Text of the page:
Located in the north-western part of India overlying the foothills of the Aravalli mountain range, the state of Haryana needs to be paid a visit if you’re a traveller looking to explore the roots of Indian culture and customs. Also known as the Abode of God, and estimated to be inhabited since prehistoric times, Haryana provided the venue for the Indian epic Mahabharata, penned by Sage Vyasa.
The Mahabharata, which celebrates the victory of the Pandavas over their arch-rivals, the Kauravas, and also features Lord Krishna, casts a massive influence over the present-day composition of Indian culture and tradition. Not limited to this, it bore witness to countless battle scenes throughout the tumultuous history of warfare to gain control of North India, between Harshavardhana’s empire, the Chauhans, the Lodhis, Afghan warlords, the Mughals, and the Marathas in different eras.
Apart from history lovers and spiritual travellers, Haryana also attracts nature enthusiasts with its rolling hills, scenic lakes, and unparalleled biodiversity. Haryana is a highly industrialized Indian state and is well connected by air, railway, and road transport with all major Indian cities.
Exciting Destinations in Haryana
- Kurukshetra: The site for the combat between the Pandavas and the Kauravas in the Mahabharata, Kurukshetra is of insurmountable relevance to the history of India. Jyotisar, lying nearby, was where Lord Krishna immortalised the sacred Bhagavad Gita, the holy book which guides all Hindu customs. Kurukshetra, located at the confluence of the Rivers Saraswati and Godavari, also offers other sights such as the Sthaneshwar Mahadev Temple, the Panorama Museum, Sheikh Chehli’s tombstone, and the Brahmasarovar.
- Faridabad: Lying adjoining Delhi, Faridabad offers a relaxing weekend getaway, with its views of the Aravalli Hills, and numerous picturesque lakes. The Surajkund Lake, Dhauj Lake, and the Badkhal Lake comprise some of Faridabad’s natural sights.
- Bhiwani: A religious site in Haryana which has earned the moniker of ‘Little Kashi’, a trip to Bhiwani bears spectacle to numerous temples dedicated to a plethora of Indian Gods and Goddesses. The city is also home to the colossal Star Monument, the Shyamesar Tank, the Loharu Fort, and the resting place of Rajput chieftain Todar Singh.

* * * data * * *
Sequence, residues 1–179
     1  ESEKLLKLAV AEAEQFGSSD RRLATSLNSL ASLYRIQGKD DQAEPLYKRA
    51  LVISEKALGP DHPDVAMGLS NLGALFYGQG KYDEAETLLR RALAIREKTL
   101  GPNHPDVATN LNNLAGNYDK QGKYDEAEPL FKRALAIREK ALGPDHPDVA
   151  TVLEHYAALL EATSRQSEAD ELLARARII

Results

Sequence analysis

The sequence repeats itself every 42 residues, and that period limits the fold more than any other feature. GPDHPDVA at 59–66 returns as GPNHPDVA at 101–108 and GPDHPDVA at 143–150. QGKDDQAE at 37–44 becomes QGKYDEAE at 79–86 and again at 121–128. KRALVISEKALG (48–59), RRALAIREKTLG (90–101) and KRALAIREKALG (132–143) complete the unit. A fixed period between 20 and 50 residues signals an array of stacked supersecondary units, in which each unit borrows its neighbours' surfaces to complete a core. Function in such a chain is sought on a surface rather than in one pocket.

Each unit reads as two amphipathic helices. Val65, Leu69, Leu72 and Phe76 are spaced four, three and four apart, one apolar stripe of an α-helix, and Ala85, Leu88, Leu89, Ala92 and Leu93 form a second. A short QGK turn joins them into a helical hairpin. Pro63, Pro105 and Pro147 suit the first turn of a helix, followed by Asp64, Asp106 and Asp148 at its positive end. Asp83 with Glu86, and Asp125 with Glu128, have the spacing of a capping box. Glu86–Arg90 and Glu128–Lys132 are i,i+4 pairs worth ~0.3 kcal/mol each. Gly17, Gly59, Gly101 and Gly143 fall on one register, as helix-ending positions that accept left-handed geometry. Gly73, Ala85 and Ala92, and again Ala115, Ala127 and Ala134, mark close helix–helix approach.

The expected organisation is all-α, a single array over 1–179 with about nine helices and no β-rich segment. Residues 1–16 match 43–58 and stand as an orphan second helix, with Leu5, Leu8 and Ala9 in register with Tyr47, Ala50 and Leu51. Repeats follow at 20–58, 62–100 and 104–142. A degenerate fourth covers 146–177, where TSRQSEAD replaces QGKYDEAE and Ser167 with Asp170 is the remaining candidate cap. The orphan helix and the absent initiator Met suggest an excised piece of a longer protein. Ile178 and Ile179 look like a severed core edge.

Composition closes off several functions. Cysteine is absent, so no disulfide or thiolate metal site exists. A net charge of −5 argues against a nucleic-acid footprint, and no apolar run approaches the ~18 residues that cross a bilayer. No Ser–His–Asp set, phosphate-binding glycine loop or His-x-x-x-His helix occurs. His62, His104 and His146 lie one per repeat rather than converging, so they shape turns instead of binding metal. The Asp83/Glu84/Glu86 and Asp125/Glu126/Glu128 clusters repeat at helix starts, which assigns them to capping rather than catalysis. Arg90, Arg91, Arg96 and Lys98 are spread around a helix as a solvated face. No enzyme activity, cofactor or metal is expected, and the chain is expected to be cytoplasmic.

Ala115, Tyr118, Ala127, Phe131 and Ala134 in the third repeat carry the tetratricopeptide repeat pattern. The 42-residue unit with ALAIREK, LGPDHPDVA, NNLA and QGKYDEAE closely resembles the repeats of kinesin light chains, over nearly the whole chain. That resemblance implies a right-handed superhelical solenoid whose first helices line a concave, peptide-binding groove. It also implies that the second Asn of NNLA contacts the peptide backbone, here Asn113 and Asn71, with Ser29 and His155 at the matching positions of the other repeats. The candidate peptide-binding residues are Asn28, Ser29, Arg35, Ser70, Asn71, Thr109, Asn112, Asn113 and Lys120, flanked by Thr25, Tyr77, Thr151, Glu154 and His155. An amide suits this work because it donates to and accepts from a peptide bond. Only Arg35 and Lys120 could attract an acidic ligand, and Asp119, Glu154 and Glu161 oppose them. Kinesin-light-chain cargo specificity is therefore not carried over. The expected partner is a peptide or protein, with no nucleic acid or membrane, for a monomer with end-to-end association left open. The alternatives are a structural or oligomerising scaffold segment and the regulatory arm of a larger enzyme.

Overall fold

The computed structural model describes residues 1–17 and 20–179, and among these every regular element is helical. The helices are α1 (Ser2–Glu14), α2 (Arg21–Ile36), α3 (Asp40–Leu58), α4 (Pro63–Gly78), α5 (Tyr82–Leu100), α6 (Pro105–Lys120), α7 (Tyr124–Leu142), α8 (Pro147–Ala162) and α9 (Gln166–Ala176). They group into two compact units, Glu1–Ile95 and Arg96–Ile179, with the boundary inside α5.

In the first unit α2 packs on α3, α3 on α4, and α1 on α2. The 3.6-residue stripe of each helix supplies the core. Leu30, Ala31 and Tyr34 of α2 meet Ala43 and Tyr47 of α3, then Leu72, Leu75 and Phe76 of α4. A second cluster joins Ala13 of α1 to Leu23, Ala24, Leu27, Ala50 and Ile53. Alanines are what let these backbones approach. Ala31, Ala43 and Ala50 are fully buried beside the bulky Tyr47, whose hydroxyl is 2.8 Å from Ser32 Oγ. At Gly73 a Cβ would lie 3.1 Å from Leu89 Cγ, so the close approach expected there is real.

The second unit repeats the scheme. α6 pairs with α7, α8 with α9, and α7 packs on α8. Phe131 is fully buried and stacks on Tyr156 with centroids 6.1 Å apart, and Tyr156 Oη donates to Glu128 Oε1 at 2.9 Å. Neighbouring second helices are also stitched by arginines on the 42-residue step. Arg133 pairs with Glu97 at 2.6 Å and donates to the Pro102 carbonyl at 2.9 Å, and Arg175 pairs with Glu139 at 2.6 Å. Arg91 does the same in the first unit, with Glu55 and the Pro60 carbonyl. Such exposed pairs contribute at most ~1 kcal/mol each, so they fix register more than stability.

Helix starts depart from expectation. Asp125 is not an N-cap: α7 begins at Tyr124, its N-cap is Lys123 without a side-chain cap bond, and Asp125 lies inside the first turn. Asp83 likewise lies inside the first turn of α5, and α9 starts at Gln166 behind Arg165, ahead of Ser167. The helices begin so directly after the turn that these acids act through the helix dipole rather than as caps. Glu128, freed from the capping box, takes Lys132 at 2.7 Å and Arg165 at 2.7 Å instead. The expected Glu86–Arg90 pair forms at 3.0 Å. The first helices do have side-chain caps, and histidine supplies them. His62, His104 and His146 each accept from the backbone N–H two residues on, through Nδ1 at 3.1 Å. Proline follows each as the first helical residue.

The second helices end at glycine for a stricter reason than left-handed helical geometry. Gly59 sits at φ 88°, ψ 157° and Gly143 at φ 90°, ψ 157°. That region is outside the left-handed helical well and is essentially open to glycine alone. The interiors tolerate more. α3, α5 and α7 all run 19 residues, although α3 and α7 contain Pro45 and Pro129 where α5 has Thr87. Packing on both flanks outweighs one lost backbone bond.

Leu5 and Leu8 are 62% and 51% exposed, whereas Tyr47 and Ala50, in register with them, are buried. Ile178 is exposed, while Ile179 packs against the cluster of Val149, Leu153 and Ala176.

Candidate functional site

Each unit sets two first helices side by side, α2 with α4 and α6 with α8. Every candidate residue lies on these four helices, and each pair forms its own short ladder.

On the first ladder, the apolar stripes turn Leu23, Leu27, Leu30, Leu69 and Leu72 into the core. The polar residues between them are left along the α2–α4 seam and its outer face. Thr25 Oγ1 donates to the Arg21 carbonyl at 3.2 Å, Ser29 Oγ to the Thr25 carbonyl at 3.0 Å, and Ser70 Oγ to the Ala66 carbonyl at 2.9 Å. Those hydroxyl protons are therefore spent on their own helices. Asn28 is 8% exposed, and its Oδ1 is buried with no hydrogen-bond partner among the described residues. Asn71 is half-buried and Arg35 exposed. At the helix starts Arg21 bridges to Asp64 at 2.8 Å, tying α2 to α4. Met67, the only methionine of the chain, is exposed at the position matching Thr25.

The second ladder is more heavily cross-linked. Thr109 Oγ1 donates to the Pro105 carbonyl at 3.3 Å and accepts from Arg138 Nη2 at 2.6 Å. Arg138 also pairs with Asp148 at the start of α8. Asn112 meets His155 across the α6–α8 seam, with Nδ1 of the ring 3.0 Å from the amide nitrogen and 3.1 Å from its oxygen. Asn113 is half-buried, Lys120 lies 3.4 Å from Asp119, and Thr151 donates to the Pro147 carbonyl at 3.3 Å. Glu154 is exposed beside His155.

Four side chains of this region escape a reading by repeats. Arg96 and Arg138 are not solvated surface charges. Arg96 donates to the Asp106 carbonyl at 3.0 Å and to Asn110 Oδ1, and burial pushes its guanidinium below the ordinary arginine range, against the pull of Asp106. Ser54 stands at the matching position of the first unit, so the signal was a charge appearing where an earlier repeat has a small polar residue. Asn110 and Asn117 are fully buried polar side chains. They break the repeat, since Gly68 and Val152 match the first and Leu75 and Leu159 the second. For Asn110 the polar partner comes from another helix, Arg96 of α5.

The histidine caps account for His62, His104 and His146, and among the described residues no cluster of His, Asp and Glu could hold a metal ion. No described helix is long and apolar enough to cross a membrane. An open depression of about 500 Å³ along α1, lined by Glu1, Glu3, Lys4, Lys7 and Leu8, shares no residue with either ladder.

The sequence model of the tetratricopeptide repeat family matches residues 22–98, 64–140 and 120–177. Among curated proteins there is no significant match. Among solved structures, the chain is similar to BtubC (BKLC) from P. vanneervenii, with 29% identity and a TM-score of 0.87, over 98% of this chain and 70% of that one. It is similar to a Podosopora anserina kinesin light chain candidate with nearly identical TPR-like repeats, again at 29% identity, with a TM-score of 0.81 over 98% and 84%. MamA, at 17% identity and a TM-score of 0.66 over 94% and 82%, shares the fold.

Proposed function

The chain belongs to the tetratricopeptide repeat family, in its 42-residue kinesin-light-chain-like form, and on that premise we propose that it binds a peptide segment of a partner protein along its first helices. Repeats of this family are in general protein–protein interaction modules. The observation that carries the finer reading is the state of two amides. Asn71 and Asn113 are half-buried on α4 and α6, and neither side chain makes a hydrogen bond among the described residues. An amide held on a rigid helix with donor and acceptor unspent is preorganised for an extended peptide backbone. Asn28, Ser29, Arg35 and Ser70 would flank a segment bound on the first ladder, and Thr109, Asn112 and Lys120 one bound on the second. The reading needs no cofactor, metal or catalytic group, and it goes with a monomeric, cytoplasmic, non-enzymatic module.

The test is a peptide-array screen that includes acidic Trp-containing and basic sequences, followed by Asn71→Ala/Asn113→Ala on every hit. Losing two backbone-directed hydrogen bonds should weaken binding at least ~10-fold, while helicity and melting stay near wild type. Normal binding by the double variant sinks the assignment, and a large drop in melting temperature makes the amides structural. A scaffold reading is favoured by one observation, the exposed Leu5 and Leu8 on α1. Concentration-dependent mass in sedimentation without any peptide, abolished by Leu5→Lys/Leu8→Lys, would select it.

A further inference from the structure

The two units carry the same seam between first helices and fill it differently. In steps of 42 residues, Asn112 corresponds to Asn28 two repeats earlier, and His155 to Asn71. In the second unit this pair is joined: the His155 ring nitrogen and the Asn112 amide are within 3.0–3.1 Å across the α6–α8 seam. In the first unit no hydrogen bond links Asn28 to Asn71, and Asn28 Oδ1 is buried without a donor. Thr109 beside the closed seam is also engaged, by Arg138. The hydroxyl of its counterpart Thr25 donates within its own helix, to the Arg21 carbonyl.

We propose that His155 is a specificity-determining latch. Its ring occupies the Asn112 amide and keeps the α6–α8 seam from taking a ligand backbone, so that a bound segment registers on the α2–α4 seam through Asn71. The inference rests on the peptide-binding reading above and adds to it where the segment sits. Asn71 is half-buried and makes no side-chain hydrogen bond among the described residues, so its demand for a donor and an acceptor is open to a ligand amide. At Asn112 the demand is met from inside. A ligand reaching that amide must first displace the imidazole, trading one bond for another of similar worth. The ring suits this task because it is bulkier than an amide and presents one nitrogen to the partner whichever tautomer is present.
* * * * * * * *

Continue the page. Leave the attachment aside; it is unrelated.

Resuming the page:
- Hisar: Hisar holds a host of enchanting religious and historic sites, such as the Agroha Dham Temple, the Firoz Shah Palace, the Barsi Gate, numerous British palaces, and many others. Hansi, situated 26 kilometres from Hisar City, formed the prize for many erstwhile military expeditions by different aspirants and houses the Hansi Fort.
- Chandigarh: Serving as the capital for both Haryana and Punjab, Chandigarh was India’s first planned city, designed by the French architect Le Corbusier. It has exquisitely maintained gardens, picture-perfect lakes, numerous museums, craftsmen’s markets, and elegant British buildings, amongst its attractions. The city has a unique man-made rock garden which was brought to life by Nek Chand, the eminent Indian rock sculptor. The Sukhna Lake comprises another relaxing destination, hosting various migratory birds.
- Panchkula: Located in the picturesque Morni Hills of the Aravalli range, with thickly wooded forests and lush greenery, Panchkula is a satellite city of Chandigarh that relaxes one and all with activities like rock climbing, hang gliding, and boating. Panchkula offers sites such as the largest Asian Cactus Garden, the Mansa Devi Temple, and the Ramgarh Fort. A short distance of 15 kilometres away, the enchanting Pinjore Gardens offer another sight to behold.
- Karnal: The city of Karnal is believed to be established by Karna, the benevolent stepbrother of the Pandavas. Karnal brings tranquil to travellers, through the serenity of the Karnal Lake, several revered religious sites, and the soothing Atal Nature Park.
- Rohtak: Its prime attractions include sights of leopards, jackals, and other wildlife at the Rohtak Zoo and the Tilyar Lake which lies amidst an idyllic natural setting.
- Ambala: Assumed to be inhabited since the Palaeolithic times, Ambala was an epicentre for uprisings against the British, and houses several intricately constructed Sikh Gurudwaras.
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